It’s the same here. My partner at work owns a small restaurant and can’t find servers that will actually show up and work. He pays above the going rate plus tips, and it’s one of those places that attracts people with money who tip well. I walked out with $150 in tips the one time I waitressed for him for two hours.  Another friend owns a landscaping business. He can’t find people who want to do that type of work and will actually work, not hang out on their phone.  My own place of work can’t find people, but that’s more to do with the low rate of certified paramedics.  

I know unemployment is low, but I also think there’s a lot of people who are looking for the easiest job out there.  We also live in an area that has been hit hard with opiates, and I think the amount of drug addiction plays a part.

 

Yes, this means that the good workers, if there are fewer of them due to drug addiction issues, can demand a higher base rate.  There are still people who want and need jobs and will do a good job, but they're in demand and so have to be paid more to keep them.  

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15 hours ago, Shellydon said:

I have helped three different smaller business look for employees this summer.   Business 1 needs someone 40 hours a week at $15 per hour. The pay could increase and there benefits like PTO and some health insurance. The work requires some physical labor like moving chairs and tables, painting, occasional mowing of grounds among other tasks. Not skilled labor, just basic work.  Has the potential for raises.   3 months in and they have had zero luck in finding someone.  Business 2 needs someone that can run a cash register and do basic math (convert inches into feet and feet into yards, know multiplication tables), also must show up on time and be friendly and helpful.  Also pays $15 per how and has potential for raises. This business has huge trouble finding someone that can do the basic math. They have hired 4 people over the course of the summer and all have been fired or quit. 2 would show up hours late or not at all and could not understand why that is an issue.  1 quit because 'working was too hard.'  One stated that he has to quit and stay home starting in August-February to watch football.  Business 3 can't find someone and owner is working 80 hours a week to keep up.

How do businesses find employs that are willing to put forth effort and/or can do basic skills like multiply?

 

 

I work for a small-medium business (~100 employees). They have complained of the same thing. They just keep looking and hold onto the good ones when they find them.

 

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Businesses who want experienced, reliable workers need to pay more than $15 an hour for a 40 hour a week job.  There is too much competition for employees meeting those criteria.  

On the other hand, there are people looking for part-time work.  These include students, senior citizens, and stay at home parents looking to return to the workforce but who need to work around school schedules.  Businesses offering part-time positions with flexible scheduling are attractive to these job seekers.  

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16 hours ago, Shellydon said:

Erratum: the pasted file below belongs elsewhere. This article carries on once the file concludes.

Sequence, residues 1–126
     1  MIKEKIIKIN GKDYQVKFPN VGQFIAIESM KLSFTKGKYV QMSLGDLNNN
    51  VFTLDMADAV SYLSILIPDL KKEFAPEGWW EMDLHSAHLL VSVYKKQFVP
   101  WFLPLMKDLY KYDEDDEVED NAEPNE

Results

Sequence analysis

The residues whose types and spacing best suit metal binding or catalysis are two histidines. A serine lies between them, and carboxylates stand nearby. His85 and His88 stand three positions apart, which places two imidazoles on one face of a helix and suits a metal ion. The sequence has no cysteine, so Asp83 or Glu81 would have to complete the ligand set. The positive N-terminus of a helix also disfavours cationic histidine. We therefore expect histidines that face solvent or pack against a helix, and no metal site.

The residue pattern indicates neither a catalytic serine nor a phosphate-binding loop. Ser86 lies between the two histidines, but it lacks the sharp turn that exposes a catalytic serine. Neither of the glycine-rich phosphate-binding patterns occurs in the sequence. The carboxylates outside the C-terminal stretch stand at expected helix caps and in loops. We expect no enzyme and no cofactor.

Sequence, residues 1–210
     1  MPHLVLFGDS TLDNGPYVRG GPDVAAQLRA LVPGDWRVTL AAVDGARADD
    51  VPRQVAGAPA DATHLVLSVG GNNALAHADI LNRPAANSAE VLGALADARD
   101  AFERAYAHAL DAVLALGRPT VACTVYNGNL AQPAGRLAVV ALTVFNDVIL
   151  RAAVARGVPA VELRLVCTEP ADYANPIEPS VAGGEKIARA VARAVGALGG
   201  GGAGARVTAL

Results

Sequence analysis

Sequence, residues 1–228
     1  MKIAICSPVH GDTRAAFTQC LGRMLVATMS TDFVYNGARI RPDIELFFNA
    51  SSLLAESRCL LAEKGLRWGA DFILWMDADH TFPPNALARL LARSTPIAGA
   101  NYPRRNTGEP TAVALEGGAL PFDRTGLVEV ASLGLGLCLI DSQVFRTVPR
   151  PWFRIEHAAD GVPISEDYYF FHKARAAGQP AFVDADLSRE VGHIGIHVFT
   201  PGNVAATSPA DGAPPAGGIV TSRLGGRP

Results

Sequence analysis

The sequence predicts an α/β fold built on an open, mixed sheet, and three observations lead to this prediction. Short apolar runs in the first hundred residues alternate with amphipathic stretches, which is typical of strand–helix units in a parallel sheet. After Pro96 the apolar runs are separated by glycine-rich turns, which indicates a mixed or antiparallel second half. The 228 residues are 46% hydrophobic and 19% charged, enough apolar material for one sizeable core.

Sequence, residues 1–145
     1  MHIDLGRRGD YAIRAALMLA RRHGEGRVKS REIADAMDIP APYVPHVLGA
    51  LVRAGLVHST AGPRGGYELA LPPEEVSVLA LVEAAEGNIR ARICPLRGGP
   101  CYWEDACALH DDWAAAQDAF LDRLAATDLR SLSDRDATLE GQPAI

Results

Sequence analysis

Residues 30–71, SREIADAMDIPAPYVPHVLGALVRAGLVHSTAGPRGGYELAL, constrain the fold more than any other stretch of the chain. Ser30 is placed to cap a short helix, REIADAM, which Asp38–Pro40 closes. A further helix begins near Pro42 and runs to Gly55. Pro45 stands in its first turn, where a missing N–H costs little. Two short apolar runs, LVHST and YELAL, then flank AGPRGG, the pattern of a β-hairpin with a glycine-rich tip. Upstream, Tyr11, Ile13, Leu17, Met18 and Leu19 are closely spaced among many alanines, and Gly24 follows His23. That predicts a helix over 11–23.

I have helped three different smaller business look for employees this summer.   Business 1 needs someone 40 hours a week at $15 per hour. The pay could increase and there benefits like PTO and some health insurance. The work requires some physical labor like moving chairs and tables, painting, occasional mowing of grounds among other tasks. Not skilled labor, just basic work.  Has the potential for raises.   3 months in and they have had zero luck in finding someone.  Business 2 needs someone that can run a cash register and do basic math (convert inches into feet and feet into yards, know multiplication tables), also must show up on time and be friendly and helpful.  Also pays $15 per how and has potential for raises. This business has huge trouble finding someone that can do the basic math. They have hired 4 people over the course of the summer and all have been fired or quit. 2 would show up hours late or not at all and could not understand why that is an issue.  1 quit because 'working was too hard.'  One stated that he has to quit and stay home starting in August-February to watch football.  Business 3 can't find someone and owner is working 80 hours a week to keep up.

How do businesses find employs that are willing to put forth effort and/or can do basic skills like multiply?

 

 

What do you mean by "some insurance"? Do the other two offer insurance? For someone who is an adult, insurance can be a big detail when making job choices. They might take the "without" for a while, but as soon as they find something that does offer it, they need to take it. On a different note, the football watcher and the one who thought it was too hard have unreasonable expectations of work. 

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The unemployment rate makes it tough.  I am always getting offered work and turning down work.  Everyone is desperate.  Also, most employers are struggling to keep up with wages.  I work part time for a man who wants to pay carpenters $9/hour when target's starting wage is like 13 or 14 now?  He can only hire convicts and they stay like three days.  I cannot for the life of me convince him to change his strategy.  

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Figure out how much that person is going to make after paying OOP for health insurance and day care and that's probably your answer.